Once, unless you were farewelling a naval boat, the only reason to head to Woolloomooloo Wharf was for a pie from Harry’s Cafe de Wheels. Now it’s The Wharf and home to restaurants, shops and a boutique hotel. There are four, smaller finger wharves just west of the Harbour Bridge on Walsh Bay, again with shops and eateries, and one wharf is home to the Wharf Theatre.

Under the bridge on the north side are Luna Park and North Sydney Pool. Luna Park has had a turbulent past through recent decades, and it again opened in 2004. It still has some of the old, quaint, amusement park attractions like Coney Island with its timber slides, as well as state-of-the-art rides and Ferris-wheel fun. It’s been very much a Sydney icon since the 1930s but, since a tragic fire on the Ghost Train in the 1970s, it has struggled to regain its former glory. Entry is now free so you can soak up the atmosphere. Curiously, rides are charged by height – an unlimited day ride pass can cost from $15 to $45 depending on your vertical situation and whether it is school holiday period.

Next to Luna Park is North Sydney Olympic Pool. It would be just a nice swimming pool except for the unique view of the bridge and the sound of the trains trundling across.

There are many ways to enjoy Sydney Harbour itself: you can sail or cruise across it, dive under it, parasail or take a chopper over it, or take a walk along its foreshores. Harbour landmarks include Kirribilli House (the Prime Minister’s Sydney home), Admiralty House (the Governor-General’s Sydney residence) and Fort Denison. Once a convict harbour prison, ‘Pinchgut’ now has a restaurant as well as tours. Visitors are free to have a wander as well. It’s not that disabled-friendly as access is only by water (water taxi is the quickest and easiest way to get there). When it was built it was the perfect prison. Not many of the inmates could swim, and those who could weren’t game to chance being taken by a shark.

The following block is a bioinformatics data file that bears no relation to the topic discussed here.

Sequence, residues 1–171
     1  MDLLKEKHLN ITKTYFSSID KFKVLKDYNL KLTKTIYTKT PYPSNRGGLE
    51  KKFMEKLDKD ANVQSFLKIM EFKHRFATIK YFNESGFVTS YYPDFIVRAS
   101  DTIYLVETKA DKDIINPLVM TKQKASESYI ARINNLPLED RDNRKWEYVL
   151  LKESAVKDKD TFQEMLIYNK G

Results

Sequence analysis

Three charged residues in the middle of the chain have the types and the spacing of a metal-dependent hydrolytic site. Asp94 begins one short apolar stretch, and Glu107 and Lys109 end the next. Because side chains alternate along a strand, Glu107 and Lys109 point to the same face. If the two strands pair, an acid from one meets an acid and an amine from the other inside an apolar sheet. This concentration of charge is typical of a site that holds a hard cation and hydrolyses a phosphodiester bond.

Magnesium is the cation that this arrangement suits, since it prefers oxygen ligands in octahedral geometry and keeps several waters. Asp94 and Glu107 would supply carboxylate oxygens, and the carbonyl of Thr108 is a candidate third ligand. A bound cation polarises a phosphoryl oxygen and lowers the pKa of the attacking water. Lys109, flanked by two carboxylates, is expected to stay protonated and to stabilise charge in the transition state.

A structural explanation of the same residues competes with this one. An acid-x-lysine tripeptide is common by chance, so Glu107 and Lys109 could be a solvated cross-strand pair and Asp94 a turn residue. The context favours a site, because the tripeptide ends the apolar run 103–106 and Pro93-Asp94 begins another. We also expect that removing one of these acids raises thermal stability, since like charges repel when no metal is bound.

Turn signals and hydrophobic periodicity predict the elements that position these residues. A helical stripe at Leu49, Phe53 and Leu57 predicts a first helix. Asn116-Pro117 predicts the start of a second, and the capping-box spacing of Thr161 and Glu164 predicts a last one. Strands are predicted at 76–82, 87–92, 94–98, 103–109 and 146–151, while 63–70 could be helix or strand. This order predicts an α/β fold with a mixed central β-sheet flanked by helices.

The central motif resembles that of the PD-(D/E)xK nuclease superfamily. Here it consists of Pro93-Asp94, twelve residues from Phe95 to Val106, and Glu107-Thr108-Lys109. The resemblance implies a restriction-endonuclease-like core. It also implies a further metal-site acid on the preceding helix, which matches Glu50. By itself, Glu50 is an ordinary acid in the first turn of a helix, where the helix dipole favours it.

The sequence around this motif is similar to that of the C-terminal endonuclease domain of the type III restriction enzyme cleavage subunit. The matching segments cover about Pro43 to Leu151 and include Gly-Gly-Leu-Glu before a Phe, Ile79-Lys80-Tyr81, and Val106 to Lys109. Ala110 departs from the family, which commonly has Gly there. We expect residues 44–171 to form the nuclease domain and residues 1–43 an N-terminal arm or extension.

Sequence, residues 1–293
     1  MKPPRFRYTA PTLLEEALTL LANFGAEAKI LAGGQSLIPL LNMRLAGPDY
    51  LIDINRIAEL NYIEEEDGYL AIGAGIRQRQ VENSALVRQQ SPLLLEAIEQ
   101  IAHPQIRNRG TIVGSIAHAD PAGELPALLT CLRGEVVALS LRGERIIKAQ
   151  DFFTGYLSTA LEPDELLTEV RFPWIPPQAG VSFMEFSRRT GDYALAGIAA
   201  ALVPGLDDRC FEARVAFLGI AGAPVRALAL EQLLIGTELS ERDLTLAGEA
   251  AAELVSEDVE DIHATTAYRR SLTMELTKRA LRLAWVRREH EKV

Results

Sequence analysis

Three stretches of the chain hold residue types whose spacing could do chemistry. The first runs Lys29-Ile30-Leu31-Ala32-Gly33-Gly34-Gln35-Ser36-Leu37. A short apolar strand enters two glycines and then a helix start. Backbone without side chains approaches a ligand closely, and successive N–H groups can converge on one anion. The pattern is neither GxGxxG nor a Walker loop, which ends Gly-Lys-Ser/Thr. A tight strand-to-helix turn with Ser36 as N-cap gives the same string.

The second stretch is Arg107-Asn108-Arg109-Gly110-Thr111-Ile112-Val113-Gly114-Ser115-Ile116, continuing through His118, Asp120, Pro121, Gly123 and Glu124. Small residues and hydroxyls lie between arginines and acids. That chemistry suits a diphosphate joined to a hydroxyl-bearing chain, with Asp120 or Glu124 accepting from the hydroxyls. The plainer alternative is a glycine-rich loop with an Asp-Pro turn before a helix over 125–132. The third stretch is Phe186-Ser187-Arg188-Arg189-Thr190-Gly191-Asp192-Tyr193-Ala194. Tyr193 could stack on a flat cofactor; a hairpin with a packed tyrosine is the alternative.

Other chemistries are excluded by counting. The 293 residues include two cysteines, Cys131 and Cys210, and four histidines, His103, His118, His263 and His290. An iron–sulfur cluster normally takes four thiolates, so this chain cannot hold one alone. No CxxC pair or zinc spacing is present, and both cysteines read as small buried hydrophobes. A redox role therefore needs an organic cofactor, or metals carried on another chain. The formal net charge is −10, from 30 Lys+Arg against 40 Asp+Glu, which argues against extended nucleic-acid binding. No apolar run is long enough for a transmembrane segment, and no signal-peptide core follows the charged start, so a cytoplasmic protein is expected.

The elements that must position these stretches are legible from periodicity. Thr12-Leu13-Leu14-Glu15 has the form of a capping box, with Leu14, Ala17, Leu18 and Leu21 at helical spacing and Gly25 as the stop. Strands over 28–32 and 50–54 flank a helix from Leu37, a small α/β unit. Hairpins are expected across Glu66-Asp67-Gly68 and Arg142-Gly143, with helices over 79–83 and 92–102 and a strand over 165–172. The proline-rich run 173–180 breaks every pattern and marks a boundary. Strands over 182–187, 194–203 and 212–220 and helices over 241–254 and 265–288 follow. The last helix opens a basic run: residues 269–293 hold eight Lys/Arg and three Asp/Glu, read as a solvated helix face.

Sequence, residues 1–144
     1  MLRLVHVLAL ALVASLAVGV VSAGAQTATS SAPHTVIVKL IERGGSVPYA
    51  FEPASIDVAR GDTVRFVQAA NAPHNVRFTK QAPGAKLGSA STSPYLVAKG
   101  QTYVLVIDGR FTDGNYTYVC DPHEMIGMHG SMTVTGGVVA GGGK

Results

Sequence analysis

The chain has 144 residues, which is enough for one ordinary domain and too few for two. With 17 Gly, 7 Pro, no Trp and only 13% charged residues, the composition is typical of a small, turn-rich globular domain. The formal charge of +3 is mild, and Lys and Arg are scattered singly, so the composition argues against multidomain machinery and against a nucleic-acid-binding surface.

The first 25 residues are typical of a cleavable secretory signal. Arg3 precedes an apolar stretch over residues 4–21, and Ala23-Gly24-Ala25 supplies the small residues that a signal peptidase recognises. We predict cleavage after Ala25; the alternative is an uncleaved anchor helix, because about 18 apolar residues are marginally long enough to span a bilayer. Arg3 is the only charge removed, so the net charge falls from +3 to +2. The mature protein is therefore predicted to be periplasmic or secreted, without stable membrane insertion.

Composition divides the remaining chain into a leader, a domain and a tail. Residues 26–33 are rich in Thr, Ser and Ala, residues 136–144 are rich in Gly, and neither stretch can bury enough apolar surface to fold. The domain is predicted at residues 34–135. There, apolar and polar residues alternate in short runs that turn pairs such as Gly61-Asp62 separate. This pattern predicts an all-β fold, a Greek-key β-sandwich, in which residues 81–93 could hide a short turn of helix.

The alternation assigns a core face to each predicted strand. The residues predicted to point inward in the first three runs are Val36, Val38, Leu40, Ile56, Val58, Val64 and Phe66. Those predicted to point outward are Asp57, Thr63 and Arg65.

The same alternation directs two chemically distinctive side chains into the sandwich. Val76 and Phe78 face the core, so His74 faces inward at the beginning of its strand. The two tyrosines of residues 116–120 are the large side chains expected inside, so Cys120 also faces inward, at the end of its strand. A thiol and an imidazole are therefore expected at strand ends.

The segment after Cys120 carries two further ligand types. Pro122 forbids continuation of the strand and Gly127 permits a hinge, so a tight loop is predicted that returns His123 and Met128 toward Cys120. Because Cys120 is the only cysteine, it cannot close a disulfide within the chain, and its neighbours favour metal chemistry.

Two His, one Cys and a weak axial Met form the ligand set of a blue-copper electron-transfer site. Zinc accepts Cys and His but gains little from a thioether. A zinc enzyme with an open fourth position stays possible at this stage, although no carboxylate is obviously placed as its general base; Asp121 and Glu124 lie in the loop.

There are a number of small islands within the harbour that are lovely spots for picnics, such as Shark and Clark islands, provided you can supply your own water transport and you have made a booking at the Sydney Harbour National Parks Information Centre. Taronga is a zoo with a view, set in a spectacular setting and is always interesting. If arriving by ferry, and up for a walk, take the cable car or bus to the top and walk back down to prevent sore calves the next day.

Taronga is arguably the best Sydney attraction for the mobility-challenged. There are a number of disabled car parking spaces at the front entrance, as well as around the Zoo circuit. The Zoo offers free entry to carers or essential companions of those with disabilities. They accept the national Companion Card or a letter from a recognised care/social service organisation. Most of the Zoo is accessible by wheelchair or by those with walking difficulties. Many of the exhibits are a short walk from the Zoo circuit and the ground is generally flat. The African Savannah Tower is the only raised platform that is not accessible by wheelchair, however, the African Savannah exhibit can be viewed from ground level. Wheelchair accessible toilets are located around the Zoo circuit as well as at the Information Centre. The Zoo provides sturdy, all-terrain manual wheelchairs at no cost. Identification is required and a disclaimer form must be completed. These wheelchairs must be pushed by a carer/companion and seat belts must be worn. Advanced booking is recommended and wheelchairs may be collected from the Hire Centre on arrival.

And, if you wonder whether the animals appreciate their million-dollar views, think of Lulu when you visit the chimpanzee enclosure. Sadly, Lulu passed away in May 2014, aged 63 but she loved her zoo with a view. When she saw boats gathering in great numbers on the harbour during the day, she refused to go into her enclosure at night. Instead, she would sit under a tree with her hands behind her head and patiently wait for the fireworks to happen.

Manly, named by Governor Phillip after the physique of the local Aboriginal people, has been dubbed ‘seven miles from Sydney and a thousand miles from care’. On Manly Wharf there are a number of shops and eateries. From here you can also take a parasail for a birds-eye view of the harbour and a bit of an adrenalin rush. It currently costs $70 for a sail and it’s your choice if you want to be dunked or stay dry. Non-flyers pay $15 if they want to just go in the boat. I did this one ‘abled’ and wouldn’t hesitate to do it again – it’s very gentle!

As you leave the wharf, to the left is Oceanworld, a fine aquarium. The adjacent Art Gallery and Museum has a lot on local history and beach culture. Straight ahead from the wharf is The Corso, a cosmopolitan pedestrian mall full of shops and eateries, which leads to the surf beach. From the beach, a gentle walk or wheel (right) will take you to pretty Shelly Beach and Le Kiosk, a delightful restaurant for lunch. And it’s a good spot for a beach scuba dive. There are professional dive shops in Manly that hire gear and arrange transfers to dive sites.